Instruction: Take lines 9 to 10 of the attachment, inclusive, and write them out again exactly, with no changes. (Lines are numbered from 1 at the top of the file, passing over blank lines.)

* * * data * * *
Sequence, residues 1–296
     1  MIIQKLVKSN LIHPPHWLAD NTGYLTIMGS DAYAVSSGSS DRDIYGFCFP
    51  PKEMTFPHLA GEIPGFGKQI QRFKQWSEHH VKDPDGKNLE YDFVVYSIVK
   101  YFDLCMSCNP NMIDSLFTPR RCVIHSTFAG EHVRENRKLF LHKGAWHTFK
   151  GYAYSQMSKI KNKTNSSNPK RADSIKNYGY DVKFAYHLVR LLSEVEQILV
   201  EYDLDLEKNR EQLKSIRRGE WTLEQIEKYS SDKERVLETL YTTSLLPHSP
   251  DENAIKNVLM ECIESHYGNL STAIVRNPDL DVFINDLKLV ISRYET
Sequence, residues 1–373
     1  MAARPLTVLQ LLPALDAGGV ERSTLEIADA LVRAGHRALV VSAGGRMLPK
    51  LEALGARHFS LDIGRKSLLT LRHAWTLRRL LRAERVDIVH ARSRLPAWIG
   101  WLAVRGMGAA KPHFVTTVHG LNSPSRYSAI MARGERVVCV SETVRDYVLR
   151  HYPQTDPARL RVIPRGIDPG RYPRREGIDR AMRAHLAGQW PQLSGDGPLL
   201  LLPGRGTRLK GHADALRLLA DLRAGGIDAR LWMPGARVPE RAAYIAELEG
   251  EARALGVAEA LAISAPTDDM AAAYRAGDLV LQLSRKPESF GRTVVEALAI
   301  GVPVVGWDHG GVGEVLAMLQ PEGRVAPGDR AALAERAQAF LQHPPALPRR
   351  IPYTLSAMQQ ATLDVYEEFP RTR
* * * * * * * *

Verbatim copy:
     1  MAARPLTVLQ LLPALDAGGV ERSTLEIADA LVRAGHRALV VSAGGRMLPK
    51  LEALGARHFS LDIGRKSLLT LRHAWTLRRL LRAERVDIVH ARSRLPAWIG